Clinical trials that demonstrated the benefit of DMT in delaying or preventing patients with high-risk CIS from converting to CDMS are described in detail in Table 2. The first of these studies, the Controlled High-risk subjects Avonex Multiple sclerosis Prevention Study (CHAMPS),71 demonstrated that the cumulative probability of developing CDMS was reduced to 35% on weekly intramuscular interferon (IFN)-β1a versus the 50% probability of converting to CDMS on placebo within 3 years (P = .002). Based on these results, the Food and Drug Administration (FDA) extended its approval of intramuscular IFN-β1a to include patients with CIS deemed to be at high risk for MS.
The Early Treatment of Multiple Sclerosis (ETOMS) study67 followed, demonstrating that weekly subcutaneous IFN-β1a reduced the conversion to CDMS over 2 years to 34% versus 45% on placebo (P = .047). A post hoc analysis of the ETOMS study found that the treatment group had a reduced rate of brain atrophy compared with those on placebo.102 It should be noted that the 22 μg weekly dose of IFN-β1a evaluated in this trial was considerably less than the dose later approved by the FDA for treatment of MS (22 and 44 μg 3 times weekly).103
In the Betaferon in Newly Emerging MS for Initial Treatment trial (BENEFIT),100 69% of the group randomized to IFN-β1b 250 mcg subcutaneously every other day compared to 85% in the placebo group had CDMS at 2 years.
In the intention-to-treat analysis of the Early GA Treatment in Delaying Conversion to CDMS in Participants Presenting with a Clinically Isolated Syndrome (PreCISe) trial,101 the conversion to CDMS was reduced to 25% in patients treated with glatiramer acetate (GA) 20 mg subcutaneous daily compared to 43% on placebo (P = .0005).
More recently, open-label extension studies from the original CHAMPS and BENEFIT cohorts have suggested a possible long-term benefit of early initiation of DMT. In the Controlled High-Risk Avonex Multiple Sclerosis Prevention Study in Ongoing Neurologic Surveillance (CHAMPIONS) trial, 203 of the original 383 patient cohort in CHAMPS were followed and outcomes were reanalyzed at 5105 and 10 years106 after enrollment. All patients were offered treatment with IM IFN-β1a at the end of the CHAMPS study and remained blinded to their initial treatment. Those who were treated from onset were referred to as the immediate treatment (IT) group, while those treated with a placebo for a median of 29 months after CHAMPS randomization were considered the delayed treatment (DT) group. The primary outcome was development of CDMS. At 5 years,105 the IT group remained less likely to have CDMS compared to the DT group (36% vs 49%, respectively; P = .03). New or enlarging T2 lesions were also significantly lower in the IT group at 5 years. Disability at 5 years was similar in the 2 groups, with few patients having major disability in either group. In the 10-year analysis,106 there continued to be a statistically significant benefit of IT over ET in terms of conversion to CDMS (58% vs 69% respectively; P = .004), but MRI outcomes between IT and DT groups were no longer statistically different. The CHAMPIONS study thus concluded that delay in treatment by up to 3 years after a first clinical demyelinating attack could lead to earlier time to CDMS but did not show a long-term effect on the development of new MRI T2-weighted lesions or long-term disability. Sampling errors and possible attrition of those with the most aggressive disease were limitations that may have biased the results of this long-term extension study.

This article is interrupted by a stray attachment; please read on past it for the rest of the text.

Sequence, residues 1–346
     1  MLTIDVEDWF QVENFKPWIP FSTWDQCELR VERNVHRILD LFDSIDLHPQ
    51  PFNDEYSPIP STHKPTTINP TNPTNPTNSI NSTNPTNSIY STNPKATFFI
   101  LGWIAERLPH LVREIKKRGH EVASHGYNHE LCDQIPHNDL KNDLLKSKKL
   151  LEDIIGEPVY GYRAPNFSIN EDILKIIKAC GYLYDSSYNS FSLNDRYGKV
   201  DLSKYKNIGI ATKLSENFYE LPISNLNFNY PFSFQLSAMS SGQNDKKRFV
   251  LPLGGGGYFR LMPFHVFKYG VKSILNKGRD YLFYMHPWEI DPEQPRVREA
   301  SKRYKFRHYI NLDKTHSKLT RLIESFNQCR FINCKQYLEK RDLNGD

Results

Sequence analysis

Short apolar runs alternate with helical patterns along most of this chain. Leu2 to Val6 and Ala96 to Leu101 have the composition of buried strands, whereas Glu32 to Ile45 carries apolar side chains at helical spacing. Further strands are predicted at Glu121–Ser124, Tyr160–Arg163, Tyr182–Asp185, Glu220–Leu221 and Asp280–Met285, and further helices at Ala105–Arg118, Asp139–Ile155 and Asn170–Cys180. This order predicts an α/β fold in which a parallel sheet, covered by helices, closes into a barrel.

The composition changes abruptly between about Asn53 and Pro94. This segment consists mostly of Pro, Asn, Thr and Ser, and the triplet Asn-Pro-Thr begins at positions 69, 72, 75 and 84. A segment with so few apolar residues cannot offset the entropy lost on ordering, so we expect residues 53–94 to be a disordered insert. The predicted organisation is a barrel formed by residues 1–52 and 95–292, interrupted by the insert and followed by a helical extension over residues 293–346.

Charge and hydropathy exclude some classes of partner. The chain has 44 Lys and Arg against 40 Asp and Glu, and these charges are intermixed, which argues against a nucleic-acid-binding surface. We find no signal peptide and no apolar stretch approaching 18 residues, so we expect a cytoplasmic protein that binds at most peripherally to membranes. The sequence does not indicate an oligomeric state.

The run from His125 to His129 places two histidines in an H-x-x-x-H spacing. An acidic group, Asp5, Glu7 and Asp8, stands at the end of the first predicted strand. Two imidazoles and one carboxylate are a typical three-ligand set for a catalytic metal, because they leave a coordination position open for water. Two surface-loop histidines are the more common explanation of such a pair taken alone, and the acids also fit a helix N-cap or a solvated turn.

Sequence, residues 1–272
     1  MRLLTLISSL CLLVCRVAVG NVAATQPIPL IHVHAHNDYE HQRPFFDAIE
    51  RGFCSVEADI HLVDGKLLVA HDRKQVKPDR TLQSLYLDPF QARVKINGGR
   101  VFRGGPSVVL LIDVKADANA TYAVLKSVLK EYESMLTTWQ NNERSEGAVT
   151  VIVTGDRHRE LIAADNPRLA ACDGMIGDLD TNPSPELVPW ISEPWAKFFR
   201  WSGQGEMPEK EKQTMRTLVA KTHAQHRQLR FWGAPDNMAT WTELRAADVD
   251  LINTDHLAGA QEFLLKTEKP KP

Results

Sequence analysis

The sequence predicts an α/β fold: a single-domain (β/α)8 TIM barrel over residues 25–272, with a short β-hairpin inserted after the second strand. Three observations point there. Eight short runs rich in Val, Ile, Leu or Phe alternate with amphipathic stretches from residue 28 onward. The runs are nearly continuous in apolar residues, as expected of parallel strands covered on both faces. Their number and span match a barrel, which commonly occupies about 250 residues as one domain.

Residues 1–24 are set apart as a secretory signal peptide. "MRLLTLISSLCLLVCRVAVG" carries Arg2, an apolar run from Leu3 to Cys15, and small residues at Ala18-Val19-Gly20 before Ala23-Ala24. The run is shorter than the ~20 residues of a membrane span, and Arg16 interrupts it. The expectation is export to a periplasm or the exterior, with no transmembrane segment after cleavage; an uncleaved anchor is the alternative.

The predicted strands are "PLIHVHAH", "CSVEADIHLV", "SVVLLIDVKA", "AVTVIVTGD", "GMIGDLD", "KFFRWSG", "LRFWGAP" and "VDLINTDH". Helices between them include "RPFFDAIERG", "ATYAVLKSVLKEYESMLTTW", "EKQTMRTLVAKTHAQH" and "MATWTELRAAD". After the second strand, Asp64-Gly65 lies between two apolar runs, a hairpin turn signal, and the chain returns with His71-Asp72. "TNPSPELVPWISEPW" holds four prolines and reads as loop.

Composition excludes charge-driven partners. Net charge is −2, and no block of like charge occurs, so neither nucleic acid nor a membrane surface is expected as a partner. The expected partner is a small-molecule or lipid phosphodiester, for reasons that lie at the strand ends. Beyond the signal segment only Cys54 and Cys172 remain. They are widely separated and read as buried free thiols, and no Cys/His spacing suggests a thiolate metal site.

Similar results with delayed time to CDMS in the IT versus DT groups were seen in the BENEFIT extension study at 3 and 5 years.107,108 This study had a similar design to CHAMPIONS in that the IT and DT groups were both given the option to take IFN-β1b at the conclusion of BENEFIT, and 235 patients (80% of the original) in the IT group and 123 patients (70% of the original) in the DT group remained blinded to their initial treatment and completed the 5-year extension study. Median length of placebo exposure in the DT group was 1 year and 11 months. After 3 years,107 37% of the IT group and 51% of the DT group had CDMS, representing a 41% reduction in the development of CDMS in the IT group (P = .0011). Disability progression was 16% in the IT and 24% in the DT groups (P = .022). Five years after randomization,108 the risk for CDMS was lower in the IT group (46%) compared to the DT group (57%; P = .003). However, the difference in disability progression at 5 years was no longer significantly different between the IT and DT groups, with only minimal changes in EDSS scores in both groups over the 5-year period. Limitations of the BENEFIT study were similar to those raised for the CHAMPIONS study, with a major confounding factor being that patients in the extension study could be on any form of DMT.